Flaming Steel Wool Photography with Tom Keller

We love our Instagram community and wanted to spotlight the work of Tom Keller who’s been doing some really cool things with steel wool, his camera, and lighter! So here’s Tom’s images and what he has to say about them. Enjoy!

I first came across a picture of steel wool on Instagram. I’ve never seen this
before and was very intrigued by it. After doing some research my Fiancée Marissa and I
went out and got the necessities. We experimented in our back yard that night but
quickly got the hang of it and ventured out into the nearby neighborhoods. Places like
parks, bridges, rivers, and train yards offer interesting backgrounds and features to
photograph with. It’s usually j ust the two of us with one spinning while the other sets the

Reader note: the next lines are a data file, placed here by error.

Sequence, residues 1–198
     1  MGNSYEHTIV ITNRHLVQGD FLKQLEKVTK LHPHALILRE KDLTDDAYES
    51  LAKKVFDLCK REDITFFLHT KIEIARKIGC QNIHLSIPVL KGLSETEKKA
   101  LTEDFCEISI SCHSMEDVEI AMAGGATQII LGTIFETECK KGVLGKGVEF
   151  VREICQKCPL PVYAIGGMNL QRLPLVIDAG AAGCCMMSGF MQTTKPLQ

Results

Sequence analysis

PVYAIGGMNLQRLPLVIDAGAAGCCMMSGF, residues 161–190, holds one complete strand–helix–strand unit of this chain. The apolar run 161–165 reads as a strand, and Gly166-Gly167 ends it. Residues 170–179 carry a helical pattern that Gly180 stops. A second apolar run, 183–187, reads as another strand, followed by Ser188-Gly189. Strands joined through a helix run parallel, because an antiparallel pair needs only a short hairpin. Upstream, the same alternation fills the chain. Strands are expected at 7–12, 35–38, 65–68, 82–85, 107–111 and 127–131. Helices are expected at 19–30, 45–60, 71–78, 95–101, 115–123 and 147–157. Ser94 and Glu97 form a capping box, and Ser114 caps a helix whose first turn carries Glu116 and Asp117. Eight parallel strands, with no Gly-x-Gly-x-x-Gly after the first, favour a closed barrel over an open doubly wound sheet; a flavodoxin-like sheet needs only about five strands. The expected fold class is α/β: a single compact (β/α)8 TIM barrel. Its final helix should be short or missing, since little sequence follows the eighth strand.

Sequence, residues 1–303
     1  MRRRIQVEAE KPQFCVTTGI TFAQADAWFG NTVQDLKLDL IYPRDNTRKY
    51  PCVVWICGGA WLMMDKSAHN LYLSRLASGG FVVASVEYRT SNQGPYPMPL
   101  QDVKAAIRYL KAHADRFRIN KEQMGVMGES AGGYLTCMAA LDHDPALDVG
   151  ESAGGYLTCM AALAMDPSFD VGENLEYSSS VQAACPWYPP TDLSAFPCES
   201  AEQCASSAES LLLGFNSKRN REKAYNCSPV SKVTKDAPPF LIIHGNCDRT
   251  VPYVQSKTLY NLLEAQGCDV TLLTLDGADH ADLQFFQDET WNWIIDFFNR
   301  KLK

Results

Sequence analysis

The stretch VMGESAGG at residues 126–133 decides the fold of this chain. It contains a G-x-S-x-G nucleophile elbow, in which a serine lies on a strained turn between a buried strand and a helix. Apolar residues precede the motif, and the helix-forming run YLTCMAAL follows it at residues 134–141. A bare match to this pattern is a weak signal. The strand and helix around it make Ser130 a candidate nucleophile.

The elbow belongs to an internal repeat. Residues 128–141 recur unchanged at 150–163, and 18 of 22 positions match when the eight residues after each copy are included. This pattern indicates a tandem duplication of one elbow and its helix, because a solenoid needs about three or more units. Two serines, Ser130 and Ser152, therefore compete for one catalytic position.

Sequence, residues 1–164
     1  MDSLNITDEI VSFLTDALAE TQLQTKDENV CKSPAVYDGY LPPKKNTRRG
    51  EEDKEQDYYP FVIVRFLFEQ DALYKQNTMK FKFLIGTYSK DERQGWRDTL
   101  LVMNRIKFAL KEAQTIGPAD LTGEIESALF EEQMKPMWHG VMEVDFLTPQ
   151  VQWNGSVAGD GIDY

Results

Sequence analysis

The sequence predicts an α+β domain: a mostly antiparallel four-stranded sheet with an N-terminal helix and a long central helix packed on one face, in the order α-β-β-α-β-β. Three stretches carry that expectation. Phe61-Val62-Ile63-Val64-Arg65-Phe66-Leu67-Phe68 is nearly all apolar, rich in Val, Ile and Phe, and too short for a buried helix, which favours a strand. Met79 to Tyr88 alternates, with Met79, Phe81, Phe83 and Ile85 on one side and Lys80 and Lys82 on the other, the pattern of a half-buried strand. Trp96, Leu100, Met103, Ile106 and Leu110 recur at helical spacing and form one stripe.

timer and possess.

001

The spinning vortex is one of the first pictures that Marissa and I shot in the backyard. I
started spinning at the back of our yard and randomly decided to walk towards the
camera while spinning. This became one of many successful experiments.

002

After a couple weeks of experimenting with steel wool my fiancé and I started getting
creative. We came up with the idea of using an umbrella to get a force field effect
creating this image under a bridge here in Sacramento; “Protector of Art.”

003

The exposures we use are between 15-20 seconds long and it can be tricky posing still
for that long. In this colorful picture done in my backyard, you can see that I shifted
positions while spinning causing a partial ghost effect but my fiancé did great.

004

Spinning orbs are amazing; it’s like an explosion of sparks! The way to spin an orb is to
find a set point on the ground (like a leaf or rock) and spin slowly around it with the